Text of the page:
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Superpowers and parenting…

February 6, 2010

are myths plus substance. Superpowers are the myths of bulletproof capes, indestructible tights and always knowing who the bad guy is. Parenting is the substance of telling them to clean up their capes, not to destroy anything and trying to figure out who that bad guy “Not Me” really is.

I do not think of my parenting as a superpower. It is plain hard work wrought with failures and mistakes but covered by God’s grace. I started as early as I knew to start, and since then have stumbled, stuttered and started over each time it was necessary. The outcomes some days are dismal and other days there is enough glimmer of hope to keep me going for the next day.

As soon as I figure out one stage of parenting, they stop teething and start trying my patience with weird noises. They stop forgetting to flush but start leaving all the lights on. They stop complaining about eating asparagus and start complaining about writing essays. While on a visit to Colorado years ago, we were told that if we didn’t like the weather to give it a day and it would change. I think that’s an adage for parenting.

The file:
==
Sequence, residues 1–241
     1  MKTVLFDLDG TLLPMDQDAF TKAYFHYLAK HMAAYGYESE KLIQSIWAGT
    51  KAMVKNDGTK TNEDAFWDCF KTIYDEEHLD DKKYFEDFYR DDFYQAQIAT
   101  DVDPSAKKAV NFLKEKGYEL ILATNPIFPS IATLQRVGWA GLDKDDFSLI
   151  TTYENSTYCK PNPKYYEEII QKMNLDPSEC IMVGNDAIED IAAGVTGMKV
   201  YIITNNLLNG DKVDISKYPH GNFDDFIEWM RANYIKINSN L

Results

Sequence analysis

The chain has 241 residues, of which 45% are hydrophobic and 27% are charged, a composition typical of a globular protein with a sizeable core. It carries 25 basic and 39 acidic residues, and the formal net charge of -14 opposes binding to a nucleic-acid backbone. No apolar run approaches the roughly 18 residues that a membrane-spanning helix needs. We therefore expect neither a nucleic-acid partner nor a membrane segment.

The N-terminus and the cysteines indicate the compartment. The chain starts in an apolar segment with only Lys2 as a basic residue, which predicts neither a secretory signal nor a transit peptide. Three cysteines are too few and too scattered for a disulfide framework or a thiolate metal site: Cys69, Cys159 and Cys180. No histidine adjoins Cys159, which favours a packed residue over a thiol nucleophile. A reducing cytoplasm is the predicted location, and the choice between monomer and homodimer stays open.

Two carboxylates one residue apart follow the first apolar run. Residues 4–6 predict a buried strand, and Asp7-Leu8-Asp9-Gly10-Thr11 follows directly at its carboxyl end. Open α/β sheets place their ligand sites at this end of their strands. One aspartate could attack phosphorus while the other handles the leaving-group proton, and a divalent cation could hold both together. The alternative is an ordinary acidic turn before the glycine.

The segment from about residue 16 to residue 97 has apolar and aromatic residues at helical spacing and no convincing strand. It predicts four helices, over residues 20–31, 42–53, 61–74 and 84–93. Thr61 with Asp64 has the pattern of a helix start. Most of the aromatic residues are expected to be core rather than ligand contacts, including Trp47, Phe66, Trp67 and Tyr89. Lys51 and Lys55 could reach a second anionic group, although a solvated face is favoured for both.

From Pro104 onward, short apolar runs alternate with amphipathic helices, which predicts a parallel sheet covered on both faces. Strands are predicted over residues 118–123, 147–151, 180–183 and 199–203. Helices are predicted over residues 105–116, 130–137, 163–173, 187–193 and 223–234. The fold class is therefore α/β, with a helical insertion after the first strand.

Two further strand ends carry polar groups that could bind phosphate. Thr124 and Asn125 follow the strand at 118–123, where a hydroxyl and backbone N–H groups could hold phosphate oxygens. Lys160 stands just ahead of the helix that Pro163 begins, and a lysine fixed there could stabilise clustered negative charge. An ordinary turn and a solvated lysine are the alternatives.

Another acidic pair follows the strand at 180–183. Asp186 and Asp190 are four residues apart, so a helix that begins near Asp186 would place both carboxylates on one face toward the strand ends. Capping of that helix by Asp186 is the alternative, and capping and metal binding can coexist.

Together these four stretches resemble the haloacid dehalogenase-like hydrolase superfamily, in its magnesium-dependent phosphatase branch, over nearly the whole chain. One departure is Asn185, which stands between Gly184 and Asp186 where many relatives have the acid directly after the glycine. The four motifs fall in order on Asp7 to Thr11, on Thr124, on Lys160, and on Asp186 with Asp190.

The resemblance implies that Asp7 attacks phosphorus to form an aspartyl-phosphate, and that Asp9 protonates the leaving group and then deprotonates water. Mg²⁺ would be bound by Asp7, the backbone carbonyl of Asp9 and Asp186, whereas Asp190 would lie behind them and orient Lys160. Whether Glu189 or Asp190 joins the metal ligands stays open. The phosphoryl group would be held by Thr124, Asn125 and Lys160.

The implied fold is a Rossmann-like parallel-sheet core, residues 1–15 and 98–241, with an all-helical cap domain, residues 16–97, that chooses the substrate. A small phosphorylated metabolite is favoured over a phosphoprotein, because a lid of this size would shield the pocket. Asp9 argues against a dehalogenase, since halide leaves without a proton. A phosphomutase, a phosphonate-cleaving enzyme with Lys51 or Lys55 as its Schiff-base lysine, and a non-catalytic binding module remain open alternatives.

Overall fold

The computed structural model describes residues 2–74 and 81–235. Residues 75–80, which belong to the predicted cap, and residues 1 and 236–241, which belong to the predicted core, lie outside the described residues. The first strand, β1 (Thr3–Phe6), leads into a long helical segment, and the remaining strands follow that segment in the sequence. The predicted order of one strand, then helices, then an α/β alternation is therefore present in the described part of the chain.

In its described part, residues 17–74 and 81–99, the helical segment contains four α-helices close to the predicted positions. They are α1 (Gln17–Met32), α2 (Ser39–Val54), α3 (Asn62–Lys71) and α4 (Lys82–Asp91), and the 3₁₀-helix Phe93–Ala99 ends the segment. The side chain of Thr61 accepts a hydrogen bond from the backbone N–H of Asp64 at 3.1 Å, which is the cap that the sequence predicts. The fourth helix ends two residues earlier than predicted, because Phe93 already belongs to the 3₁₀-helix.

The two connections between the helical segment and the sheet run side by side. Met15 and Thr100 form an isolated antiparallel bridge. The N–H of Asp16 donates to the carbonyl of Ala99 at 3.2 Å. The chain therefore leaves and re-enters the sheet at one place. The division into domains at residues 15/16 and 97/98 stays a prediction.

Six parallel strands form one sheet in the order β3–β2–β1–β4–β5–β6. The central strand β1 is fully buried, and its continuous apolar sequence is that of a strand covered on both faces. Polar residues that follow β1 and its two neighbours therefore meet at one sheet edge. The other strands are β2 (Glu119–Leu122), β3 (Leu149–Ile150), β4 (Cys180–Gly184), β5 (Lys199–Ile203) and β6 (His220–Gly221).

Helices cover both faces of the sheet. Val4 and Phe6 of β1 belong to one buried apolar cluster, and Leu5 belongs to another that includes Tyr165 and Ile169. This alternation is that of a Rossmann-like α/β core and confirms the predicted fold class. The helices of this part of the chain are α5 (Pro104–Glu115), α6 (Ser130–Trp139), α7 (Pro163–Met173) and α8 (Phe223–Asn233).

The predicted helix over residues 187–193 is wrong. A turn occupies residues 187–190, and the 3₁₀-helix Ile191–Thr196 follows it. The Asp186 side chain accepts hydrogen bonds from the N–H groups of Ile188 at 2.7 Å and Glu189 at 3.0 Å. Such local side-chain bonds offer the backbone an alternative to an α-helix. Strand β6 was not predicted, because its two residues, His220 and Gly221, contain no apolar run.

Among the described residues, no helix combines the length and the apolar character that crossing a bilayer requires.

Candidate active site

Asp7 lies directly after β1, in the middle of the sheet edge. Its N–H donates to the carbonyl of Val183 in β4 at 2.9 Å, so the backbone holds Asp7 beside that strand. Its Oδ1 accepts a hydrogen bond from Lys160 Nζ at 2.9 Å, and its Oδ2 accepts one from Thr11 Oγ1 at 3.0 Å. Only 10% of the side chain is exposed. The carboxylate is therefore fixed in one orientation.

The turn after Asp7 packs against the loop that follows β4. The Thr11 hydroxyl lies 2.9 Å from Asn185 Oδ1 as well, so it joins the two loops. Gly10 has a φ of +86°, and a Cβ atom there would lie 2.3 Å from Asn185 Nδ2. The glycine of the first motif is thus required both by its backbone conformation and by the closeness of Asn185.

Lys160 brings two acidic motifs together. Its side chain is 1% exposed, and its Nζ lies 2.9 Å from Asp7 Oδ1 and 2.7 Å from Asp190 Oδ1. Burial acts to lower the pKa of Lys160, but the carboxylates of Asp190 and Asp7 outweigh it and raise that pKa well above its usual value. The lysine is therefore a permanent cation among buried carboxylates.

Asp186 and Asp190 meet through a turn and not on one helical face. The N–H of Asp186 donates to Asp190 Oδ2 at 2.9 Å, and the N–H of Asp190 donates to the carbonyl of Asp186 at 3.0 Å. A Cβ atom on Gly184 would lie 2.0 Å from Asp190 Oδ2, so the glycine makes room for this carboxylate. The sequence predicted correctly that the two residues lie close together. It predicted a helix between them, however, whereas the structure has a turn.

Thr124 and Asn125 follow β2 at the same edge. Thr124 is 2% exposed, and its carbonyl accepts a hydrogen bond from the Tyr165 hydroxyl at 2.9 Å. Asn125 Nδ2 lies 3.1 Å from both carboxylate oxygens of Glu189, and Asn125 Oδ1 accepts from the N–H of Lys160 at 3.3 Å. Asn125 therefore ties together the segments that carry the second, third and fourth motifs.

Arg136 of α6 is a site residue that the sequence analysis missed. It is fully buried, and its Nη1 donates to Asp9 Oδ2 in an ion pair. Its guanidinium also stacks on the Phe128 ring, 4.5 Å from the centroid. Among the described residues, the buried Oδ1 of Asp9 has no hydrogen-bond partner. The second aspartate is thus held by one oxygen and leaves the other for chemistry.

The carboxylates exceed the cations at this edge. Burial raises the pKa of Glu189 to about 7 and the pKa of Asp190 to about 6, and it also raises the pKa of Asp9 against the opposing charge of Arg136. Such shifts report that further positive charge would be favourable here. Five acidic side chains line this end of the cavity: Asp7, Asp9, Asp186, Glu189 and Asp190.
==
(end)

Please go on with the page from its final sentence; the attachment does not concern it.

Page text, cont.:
So when, like today, I meet someone who is astonished at my parenting, I am astonished. My parenting is a work in progress. With problems that require daily humility and wisdom. Parenting is not my superpower. It is a life’s substance of work.

In this sweet mom’s life, she has children that she says do not listen to her. I do not know her children, and I barely know her. I do know she is an accomplished professional with more degrees than me, loves her children and is stymied at why they do not listen to her instructions. She asked me how I get my children to listen to me.

I told her that I have always required them to listen to me, insisting on their training from earliest days. I told her it was hard work but worth the effort. And there are certainly days where I do not consider myself “heard” either.

She said it must just be a very special talent that some people have.

Perfect pitched voice–a talent. Gymnastic ability–a talent. Artistic accuracy–a talent. Parenting is not a talent.

That is what I wanted to tell her. I wanted to tell her that it is not too late for her to train her children, that it is not too late to put in the work of requiring them to listen. That it is not too late to submit to God the Father, perfect Parent to imperfect children, for His help and guidance.

But I missed it. The gathering was purely social. The conversation flitted around, and I did not fully take the opportunity that was given to me. We parted ways thinking very differently about the substance of parenting.

Parenting is not a superpower. Maybe I should ask for my superpower to be that I would never miss the opportunities. That would be worth having.

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